This past week, 1800GunsAndAmmo helped sponsor a free CHL course for active members of any military service branch as well as their spouses and civilian staff. The free course was taught by Dalworthington Gardens Police Chief Bill Waybourn, and it was held in nearby Arlington, also the home of 1800GunsAndAmmo. The free course was announced in early August, but due to security concerns, the location was not released until close to the August 22nd class date.
For those not familiar, CHL stands for Concealed Handgun Licensing, and in the state of Texas, it is part of the process required to carry a concealed handgun. The course must be taught by a licensed CHL instructor, and it is only part of a process that includes applications, background checks, and a firearm qualification. There are also renewal periods after the initial CHL is issued to ensure that CHL holders are still eligible. A CHL course takes five hours not including the firearm qualification.
Waybourn came up with the idea after talking with a decorated Marine in the wake of the recent attacks on military recruitment centers in Tennessee, but this isn’t the first time that Chief Waybourn has offered a free CHL course. He first examined the idea with his late friend, Navy SEAL sniper Chris Kyle.
CHL For Teachers
Before Waybourn held his course for military members, he had talked with Chris Kyle about the idea of holding a CHL course for teachers. After Kyle’s tragic death, Waybourn moved forward with the idea and held a CHL course for teachers in Kyle’s honor. Today teachers are more worried for their safety than ever, and since they do so much for their communities, Waybourn wanted to give something back. The turnout for the class was remarkable, and nearly 750 teachers turned out to take the course at Kennedale High School in Texas. In addition to Waybourn and a host of volunteers, Taya Kyle, wife of the late Chris Kyle, was also in attendance as a guest speaker.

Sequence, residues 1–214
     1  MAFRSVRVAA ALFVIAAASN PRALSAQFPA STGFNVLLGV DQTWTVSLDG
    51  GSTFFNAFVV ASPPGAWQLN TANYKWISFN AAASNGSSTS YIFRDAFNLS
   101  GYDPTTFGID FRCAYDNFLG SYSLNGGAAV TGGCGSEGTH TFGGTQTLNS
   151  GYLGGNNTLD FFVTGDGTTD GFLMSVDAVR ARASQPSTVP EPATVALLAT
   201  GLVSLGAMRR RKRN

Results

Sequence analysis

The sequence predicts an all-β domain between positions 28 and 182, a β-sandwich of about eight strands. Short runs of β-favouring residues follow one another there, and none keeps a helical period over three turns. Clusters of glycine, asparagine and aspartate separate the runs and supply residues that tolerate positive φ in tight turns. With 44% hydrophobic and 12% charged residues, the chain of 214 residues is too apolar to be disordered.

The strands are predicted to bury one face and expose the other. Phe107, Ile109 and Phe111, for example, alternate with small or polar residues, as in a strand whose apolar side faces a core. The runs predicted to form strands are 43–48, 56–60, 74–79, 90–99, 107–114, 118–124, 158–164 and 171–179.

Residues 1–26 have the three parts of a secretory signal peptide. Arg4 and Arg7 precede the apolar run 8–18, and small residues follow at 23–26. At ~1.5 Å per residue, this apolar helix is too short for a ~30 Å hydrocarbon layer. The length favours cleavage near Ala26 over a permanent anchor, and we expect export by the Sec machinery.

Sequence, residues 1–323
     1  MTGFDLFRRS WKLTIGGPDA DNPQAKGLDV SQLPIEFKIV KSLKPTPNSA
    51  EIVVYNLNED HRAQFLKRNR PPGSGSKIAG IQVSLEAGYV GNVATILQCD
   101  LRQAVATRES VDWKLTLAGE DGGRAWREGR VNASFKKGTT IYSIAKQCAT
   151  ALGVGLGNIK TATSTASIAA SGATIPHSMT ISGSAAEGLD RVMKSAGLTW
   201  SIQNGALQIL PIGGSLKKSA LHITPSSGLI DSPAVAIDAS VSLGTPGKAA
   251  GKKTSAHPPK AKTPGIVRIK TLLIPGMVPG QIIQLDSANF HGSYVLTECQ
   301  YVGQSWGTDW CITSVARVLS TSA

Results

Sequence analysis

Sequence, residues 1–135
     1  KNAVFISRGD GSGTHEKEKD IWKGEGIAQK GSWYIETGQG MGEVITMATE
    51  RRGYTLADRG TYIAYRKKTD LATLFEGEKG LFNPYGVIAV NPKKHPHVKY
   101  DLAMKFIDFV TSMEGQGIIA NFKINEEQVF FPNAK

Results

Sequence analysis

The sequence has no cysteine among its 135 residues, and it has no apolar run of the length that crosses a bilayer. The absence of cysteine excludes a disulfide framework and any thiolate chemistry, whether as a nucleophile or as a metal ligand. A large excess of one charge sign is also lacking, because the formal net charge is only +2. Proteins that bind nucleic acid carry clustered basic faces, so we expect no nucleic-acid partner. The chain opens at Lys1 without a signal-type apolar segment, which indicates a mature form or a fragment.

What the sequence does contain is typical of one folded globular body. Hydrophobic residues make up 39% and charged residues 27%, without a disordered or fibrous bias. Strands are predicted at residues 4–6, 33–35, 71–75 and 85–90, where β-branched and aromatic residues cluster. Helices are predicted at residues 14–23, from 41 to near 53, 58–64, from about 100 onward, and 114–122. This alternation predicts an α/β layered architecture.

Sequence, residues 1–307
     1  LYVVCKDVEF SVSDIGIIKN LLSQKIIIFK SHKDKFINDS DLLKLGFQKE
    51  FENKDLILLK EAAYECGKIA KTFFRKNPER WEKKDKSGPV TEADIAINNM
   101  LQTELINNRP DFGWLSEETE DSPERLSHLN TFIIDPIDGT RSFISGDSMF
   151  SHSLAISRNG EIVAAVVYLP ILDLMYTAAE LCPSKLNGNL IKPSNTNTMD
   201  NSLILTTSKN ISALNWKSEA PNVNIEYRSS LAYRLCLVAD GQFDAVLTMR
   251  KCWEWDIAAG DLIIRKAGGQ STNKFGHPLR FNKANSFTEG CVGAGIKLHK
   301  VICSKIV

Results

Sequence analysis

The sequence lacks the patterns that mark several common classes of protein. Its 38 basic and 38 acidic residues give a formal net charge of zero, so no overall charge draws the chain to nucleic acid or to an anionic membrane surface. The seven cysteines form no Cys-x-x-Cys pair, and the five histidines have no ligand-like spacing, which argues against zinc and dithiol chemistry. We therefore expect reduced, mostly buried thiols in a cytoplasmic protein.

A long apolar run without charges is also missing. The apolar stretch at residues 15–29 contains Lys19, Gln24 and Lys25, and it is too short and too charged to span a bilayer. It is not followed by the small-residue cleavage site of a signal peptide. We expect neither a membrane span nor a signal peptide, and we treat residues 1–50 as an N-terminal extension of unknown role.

CHL For Service Members
Following the success of the CHL course for teachers, a tragic event in July brought attention to another group in need of CHL training. Two recruiting centers in Chattanooga were attacked by a single gunman, and the second attack at a Navy Operational Support Center and Marine Corps reserve center resulted in five deaths: four Marines and a Navy sailor. Two other people were wounded: a Marines recruiters and a responding police officer. The attacks shocked the nation, and it soon had Waybourn thinking about how service members are in need of CHL instruction just like teachers.
Military recruiters are not allowed to carry weapons in recruitment centers, but after the attacks many states are reconsidering this. Even so, recruitment centers are purposely situated in places where the public can easily access them, namely places like shopping centers or strip malls like the recruitment centers in Chattanooga. Some states have responded to the attacks by moving their recruitment centers on-base, but this doesn’t help a service member when they are at home or away from the base. The fact remains that service members can be targets when they are away from the base, and they are in need of CHL training as much as any concerned civilian.
Better yet, active service members are exempt from the firearm qualification portion of CHL training. This made the event even more appealing for active service members as they could take the course for free and have much of the work of a CHL out of the way as long as they passed the written test.
After the course was over, Waybourn cited one of the reasons he was eager to put on the free class: “We trust these young people in combat with this weaponry, I don’t understand why we wouldn’t trust them here in our own environment.”
We would like to thank Police Chief Waybourn as well as the volunteers and attendees for coming out to the event. We look forward to future chances to support our community as well as service members and their families.
Video courtesy of WFAA8 ABC Dallas.